Several years ago, CineForm attempted to sell Apple on the idea of a digital intermediate codec for professional post. Unfortunately, back then they still had their heads stuck firmly in the DV sand, and believed DVCPRO-HD would be sufficient, which everyone today knows it isn't. With the announcement of Apple ProRes 422, it seems the CineForm message has finally taken some hold, but it seems only as far as offering an equivalent to Avid's DNxHD (good for CineForm.) It seems to be a DCT codec with nearly identical data rates to the Avid codec, 1080p24 is quoted at 22 MB/s or 176Mb/s (same as Avid.) It might be wishful thinking if the Apple codec is a CBR design like Avid's; I guess we will have to wait and see. Funny thing, with all our recent work on a 4:4:4 codec, it's like we knew this was coming. :)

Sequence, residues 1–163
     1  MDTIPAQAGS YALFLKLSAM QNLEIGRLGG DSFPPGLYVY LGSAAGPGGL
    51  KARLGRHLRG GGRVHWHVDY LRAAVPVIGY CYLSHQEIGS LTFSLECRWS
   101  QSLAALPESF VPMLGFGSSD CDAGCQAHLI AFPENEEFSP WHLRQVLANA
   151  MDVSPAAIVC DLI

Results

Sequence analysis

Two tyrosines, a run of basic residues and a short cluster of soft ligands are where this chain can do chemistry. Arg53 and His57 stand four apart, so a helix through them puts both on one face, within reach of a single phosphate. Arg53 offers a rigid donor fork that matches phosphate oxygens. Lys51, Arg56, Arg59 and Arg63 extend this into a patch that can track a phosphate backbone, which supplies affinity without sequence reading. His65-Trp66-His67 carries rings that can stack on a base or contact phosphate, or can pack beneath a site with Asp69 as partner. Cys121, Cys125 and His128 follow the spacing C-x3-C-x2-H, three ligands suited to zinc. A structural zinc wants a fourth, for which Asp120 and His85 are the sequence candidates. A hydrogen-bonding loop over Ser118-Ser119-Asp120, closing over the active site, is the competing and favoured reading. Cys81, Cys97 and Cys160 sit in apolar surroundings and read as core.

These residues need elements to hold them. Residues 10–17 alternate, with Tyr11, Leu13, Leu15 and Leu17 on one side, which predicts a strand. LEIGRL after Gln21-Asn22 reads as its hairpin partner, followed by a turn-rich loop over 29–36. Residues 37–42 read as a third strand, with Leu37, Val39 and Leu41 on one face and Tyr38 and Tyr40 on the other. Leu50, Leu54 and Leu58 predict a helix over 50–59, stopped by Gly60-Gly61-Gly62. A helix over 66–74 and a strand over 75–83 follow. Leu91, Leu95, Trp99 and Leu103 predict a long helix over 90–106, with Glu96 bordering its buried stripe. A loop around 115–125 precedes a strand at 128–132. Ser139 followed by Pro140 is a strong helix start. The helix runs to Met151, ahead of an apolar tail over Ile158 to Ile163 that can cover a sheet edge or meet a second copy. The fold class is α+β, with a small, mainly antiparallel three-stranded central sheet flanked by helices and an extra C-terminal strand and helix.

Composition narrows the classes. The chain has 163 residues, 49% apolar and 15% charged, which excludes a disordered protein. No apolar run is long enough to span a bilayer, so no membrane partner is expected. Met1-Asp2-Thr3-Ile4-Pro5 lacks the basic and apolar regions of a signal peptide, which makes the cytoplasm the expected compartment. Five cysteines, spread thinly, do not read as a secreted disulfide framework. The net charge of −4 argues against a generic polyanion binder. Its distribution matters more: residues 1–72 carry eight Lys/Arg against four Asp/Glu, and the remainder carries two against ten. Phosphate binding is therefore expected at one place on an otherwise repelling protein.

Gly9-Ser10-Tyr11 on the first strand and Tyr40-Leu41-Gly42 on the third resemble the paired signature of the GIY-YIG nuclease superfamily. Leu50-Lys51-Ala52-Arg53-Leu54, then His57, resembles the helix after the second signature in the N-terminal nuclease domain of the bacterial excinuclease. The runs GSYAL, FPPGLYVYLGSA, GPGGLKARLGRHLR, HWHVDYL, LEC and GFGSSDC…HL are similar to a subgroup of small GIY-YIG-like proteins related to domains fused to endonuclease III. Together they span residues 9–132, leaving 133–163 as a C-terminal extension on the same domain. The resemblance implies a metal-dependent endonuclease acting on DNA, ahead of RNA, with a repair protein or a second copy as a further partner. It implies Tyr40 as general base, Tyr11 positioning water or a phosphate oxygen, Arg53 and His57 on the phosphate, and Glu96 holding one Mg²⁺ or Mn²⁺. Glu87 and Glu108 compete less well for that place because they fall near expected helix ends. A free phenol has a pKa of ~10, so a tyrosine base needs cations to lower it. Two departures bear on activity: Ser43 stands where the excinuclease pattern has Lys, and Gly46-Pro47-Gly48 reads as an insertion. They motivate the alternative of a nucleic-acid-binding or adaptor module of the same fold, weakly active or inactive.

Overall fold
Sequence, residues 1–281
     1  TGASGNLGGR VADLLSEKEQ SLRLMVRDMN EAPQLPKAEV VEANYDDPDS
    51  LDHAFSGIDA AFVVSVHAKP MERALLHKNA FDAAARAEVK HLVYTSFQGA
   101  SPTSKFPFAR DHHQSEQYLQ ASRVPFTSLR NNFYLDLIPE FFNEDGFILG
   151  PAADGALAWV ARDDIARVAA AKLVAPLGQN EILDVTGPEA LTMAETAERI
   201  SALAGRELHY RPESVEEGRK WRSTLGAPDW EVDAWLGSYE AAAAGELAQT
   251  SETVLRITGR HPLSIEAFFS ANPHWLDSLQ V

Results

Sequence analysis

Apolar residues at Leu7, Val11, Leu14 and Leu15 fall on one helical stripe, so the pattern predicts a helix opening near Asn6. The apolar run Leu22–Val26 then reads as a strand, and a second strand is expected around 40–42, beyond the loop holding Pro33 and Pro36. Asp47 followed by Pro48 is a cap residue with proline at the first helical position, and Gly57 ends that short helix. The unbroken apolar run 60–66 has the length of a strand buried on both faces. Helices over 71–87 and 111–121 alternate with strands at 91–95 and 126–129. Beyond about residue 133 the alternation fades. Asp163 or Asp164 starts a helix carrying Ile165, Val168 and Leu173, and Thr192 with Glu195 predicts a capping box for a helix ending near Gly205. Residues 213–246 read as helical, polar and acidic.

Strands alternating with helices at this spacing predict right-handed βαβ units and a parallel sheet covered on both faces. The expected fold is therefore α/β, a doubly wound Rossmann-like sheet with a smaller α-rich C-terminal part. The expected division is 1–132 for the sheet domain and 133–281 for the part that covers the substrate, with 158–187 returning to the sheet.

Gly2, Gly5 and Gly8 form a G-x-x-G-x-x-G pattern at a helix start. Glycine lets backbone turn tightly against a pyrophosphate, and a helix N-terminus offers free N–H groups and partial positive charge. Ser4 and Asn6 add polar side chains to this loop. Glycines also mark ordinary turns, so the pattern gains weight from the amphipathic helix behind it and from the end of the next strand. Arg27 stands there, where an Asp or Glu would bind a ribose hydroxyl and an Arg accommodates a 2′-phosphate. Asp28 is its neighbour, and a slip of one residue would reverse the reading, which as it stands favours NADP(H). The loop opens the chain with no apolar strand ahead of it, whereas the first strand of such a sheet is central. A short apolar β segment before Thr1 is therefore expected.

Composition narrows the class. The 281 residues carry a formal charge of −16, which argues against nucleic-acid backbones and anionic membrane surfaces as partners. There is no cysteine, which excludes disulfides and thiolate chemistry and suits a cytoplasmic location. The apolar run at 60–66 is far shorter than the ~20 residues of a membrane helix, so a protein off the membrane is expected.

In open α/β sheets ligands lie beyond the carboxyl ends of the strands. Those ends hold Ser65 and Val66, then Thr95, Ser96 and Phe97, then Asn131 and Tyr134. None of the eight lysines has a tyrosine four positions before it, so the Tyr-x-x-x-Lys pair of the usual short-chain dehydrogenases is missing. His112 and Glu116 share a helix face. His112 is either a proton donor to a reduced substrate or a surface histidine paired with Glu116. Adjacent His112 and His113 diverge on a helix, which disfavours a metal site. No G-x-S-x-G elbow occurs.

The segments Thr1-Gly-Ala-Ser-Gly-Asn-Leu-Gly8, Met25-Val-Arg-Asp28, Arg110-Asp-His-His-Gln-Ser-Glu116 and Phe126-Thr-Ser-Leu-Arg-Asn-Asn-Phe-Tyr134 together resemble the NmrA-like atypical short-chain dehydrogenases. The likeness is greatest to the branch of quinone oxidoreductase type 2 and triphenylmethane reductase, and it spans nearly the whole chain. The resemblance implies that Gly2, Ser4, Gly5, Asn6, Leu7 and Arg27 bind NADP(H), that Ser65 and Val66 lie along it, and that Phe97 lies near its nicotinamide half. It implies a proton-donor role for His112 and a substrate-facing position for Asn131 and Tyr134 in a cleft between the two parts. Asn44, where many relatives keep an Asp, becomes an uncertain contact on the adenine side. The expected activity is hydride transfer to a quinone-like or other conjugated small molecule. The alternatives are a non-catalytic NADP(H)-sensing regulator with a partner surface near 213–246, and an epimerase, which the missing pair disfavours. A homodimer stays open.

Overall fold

Thursday, April 12, 2007

First new SI-2K and SI-2K Mini images.

Things have changed a lot over at Silicon Imaging, check out the new body and styling of the SI-2K as designed by P+S Technik. See their press releases regard their partnership with P+S Technik and integrated Iridas SpeedGrade system.

Even the Mini's styling got an overhaul, but that interchange P+S Technik lens mount is sweet. With adaptors you can place lens of these types : PL, B4, Nikon F, Canon EF, Panavision PV, C mount, and some I haven't heard of.

Mini with a PL lens
Mini with a B4 lens

Tuesday, April 10, 2007

AVCHD support